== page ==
TOKYO — Asian stock markets advanced Monday after two Wall Street benchmarks hit record highs and investors waited for a U.S. jobs report later in the week for confirmation of optimism about the American economy.
Trading in the region is expected to be relatively subdued with markets closed for holidays in mainland China, Hong Kong, Taiwan and New Zealand.
Japan’s Nikkei 225 was up 2.1 percent at 14,940.96 in afternoon trading after the yen weakened to about 102 to the dollar. Weakness in the yen is typically a boost for the share prices of Japan’s export giants.
South Korea’s Kospi inched up 0.4 percent to 2,002.00 and Australia’s S&P/ASX 200 added 0.5 percent to 5,518.10. Markets in Southeast Asia were mostly higher.
Sentiment was underpinned by the Dow and S&P 500 both closing at new highs on Friday.
Traders and investors are watching for two events later this week, including the May U.S. jobs report to be released Friday.
Economists expect the U.S. economy created 220,000 jobs in May, and the unemployment rate fell to 6.3 percent, according to FactSet, a financial information provider.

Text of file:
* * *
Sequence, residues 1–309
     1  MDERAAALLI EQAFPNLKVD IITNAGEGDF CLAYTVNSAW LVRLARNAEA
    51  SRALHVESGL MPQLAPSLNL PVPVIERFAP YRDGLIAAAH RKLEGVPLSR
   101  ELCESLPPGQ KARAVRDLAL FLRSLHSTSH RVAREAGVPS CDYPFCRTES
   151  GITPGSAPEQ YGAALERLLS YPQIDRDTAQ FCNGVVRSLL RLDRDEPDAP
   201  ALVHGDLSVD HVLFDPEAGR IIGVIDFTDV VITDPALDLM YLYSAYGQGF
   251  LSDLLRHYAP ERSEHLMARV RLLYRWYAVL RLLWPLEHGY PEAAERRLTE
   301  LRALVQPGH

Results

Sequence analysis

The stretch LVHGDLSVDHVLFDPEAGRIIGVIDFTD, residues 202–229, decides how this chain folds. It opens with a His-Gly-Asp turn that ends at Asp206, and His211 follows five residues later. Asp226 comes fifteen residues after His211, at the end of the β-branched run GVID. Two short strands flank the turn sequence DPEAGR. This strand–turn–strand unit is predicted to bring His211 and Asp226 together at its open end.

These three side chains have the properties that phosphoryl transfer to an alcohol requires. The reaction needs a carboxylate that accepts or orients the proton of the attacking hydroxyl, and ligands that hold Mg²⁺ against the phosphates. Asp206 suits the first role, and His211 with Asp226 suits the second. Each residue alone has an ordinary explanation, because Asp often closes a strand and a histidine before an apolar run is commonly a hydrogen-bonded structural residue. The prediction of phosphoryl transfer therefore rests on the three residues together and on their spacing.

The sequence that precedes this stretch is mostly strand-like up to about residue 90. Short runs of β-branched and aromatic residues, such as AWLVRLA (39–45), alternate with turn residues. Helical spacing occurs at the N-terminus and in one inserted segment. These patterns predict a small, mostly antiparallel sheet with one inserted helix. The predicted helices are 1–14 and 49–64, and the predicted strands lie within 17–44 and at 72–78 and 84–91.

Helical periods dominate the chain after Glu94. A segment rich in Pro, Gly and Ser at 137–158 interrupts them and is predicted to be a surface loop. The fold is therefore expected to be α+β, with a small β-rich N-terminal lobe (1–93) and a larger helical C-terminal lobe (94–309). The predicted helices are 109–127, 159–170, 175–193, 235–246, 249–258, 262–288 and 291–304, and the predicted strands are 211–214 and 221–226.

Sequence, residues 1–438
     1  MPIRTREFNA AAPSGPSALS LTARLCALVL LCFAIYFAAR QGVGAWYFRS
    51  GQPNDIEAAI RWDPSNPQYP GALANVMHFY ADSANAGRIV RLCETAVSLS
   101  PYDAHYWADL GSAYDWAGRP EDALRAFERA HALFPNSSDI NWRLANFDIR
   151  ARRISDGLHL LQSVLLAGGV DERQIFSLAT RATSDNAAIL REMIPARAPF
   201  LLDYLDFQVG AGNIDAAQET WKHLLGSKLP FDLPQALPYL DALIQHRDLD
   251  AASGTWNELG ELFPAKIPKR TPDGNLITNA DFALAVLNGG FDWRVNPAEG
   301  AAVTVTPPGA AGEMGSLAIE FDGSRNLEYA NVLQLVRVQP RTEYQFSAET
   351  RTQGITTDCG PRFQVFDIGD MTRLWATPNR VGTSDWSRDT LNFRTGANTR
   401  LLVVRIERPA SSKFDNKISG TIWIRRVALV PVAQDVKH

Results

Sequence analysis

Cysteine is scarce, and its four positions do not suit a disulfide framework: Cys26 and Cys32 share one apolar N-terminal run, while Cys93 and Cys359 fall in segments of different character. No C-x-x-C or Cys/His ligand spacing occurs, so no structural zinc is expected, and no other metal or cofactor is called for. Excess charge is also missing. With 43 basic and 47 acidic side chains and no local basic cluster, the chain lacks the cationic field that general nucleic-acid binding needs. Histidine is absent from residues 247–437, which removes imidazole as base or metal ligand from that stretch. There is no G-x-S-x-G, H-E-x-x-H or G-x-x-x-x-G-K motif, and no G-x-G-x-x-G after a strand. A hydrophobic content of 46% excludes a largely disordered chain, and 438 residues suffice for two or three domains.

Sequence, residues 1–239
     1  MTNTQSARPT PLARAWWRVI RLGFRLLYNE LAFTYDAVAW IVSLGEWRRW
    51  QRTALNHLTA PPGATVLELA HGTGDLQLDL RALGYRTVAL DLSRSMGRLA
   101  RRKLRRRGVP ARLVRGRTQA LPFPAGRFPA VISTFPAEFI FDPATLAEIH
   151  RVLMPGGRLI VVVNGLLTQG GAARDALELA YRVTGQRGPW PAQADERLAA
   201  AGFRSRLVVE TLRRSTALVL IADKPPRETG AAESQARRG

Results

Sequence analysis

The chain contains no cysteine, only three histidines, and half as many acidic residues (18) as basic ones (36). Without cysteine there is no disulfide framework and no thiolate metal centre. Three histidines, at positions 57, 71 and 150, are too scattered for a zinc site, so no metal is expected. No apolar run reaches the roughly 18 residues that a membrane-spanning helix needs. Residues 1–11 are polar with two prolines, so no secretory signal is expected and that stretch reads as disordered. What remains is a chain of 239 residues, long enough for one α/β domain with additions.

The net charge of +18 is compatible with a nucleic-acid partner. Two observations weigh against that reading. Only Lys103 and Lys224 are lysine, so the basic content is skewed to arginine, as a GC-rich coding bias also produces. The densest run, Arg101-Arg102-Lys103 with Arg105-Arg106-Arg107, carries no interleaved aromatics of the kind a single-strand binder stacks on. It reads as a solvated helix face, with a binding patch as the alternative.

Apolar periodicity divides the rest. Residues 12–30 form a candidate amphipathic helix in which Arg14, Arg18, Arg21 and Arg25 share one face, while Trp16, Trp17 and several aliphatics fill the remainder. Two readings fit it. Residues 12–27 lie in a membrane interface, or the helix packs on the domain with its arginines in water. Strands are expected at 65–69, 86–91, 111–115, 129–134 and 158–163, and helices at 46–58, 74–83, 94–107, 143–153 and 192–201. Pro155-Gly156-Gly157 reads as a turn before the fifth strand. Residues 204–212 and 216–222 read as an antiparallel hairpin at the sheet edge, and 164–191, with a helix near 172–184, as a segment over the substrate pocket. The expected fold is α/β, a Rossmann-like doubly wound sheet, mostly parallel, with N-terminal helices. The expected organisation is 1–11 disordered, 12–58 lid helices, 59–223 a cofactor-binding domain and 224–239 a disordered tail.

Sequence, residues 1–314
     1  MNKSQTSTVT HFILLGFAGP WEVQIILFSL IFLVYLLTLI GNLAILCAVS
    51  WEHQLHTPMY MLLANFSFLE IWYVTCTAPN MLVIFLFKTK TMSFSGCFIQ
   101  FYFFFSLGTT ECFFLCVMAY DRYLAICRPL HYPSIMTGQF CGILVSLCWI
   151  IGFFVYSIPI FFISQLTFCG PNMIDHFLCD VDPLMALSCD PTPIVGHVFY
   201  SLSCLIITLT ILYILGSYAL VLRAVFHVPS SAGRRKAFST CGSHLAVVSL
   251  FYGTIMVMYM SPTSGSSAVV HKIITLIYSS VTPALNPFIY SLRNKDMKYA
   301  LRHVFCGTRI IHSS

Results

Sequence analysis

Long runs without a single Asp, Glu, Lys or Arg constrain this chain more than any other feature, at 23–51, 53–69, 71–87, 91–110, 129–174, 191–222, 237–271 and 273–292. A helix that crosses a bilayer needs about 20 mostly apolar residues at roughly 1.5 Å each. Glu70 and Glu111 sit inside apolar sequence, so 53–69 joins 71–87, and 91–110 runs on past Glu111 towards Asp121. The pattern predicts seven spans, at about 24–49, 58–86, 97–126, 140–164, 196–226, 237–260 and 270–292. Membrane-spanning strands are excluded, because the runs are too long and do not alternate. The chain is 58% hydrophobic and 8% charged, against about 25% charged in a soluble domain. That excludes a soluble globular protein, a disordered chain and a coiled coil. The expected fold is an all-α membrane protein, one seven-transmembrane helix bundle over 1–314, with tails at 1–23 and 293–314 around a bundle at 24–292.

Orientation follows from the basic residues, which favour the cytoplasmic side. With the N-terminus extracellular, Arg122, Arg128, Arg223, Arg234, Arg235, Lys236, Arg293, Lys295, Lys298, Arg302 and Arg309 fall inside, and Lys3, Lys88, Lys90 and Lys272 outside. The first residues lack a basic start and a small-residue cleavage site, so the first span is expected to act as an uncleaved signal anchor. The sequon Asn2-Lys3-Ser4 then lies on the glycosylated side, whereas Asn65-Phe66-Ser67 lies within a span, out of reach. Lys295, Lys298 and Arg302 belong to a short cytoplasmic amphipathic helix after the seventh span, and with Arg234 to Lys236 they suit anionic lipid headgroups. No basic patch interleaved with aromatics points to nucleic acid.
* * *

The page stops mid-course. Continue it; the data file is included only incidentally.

The European Central Bank will have its interest rate policy meeting Thursday, although the impact on markets might not be great as expectations for monetary easing are already factored in.
Koji Takeuchi, a senior economist at Mizuho Research Institute in Tokyo, said investors are also anticipating the announcement of Japanese government policies later this month that are expected to include corporate tax cuts, a possible boon for Japanese companies and the economy.
“The growth strategies are going to have a positive impact,” he said. The Nikkei bottomed out at about 14,000 points in May and is now heading to 15,000, he said.
The Dow rose 18.43 points, or 0.1 percent, to close at 16,717.17 on Friday, less than two points above its previous record high set on May 13.
The S&P 500 index rose 3.54 points, or 0.2 percent, to 1,923.57, also closing at a record. The only index to fall was the Nasdaq composite, which ended down 5.33 points, or 0.1 percent, to 4,242.62.
May was the best month for U.S. investors since February. The S&P rose 2.1 percent for the month, while the Dow rose 0.8 percent and the Nasdaq rose 3.1 percent.
Takuya Takahashi, senior strategist at Daiwa Securities Co. in Tokyo, said trading may grow more cautious toward the end of the week ahead of the ECB meeting and the U.S. jobs data, but Tokyo shares were likely to head higher over time.
“The rise may take a day or it may take a week, but it is going up in a natural way,” he said. “The perception is becoming more widespread that Tokyo shares are a good deal.”
In energy markets, benchmark U.S. oil for July delivery was up 56 cents at $103.27 a barrel in electronic trading on the New York Mercantile Exchange. The contract fell 87 cents to close at $102.71 on Friday.
The euro was little changed at $1.3635 from $1.3634 late Friday. The dollar rose to 101.96 yen from 101.80 yen.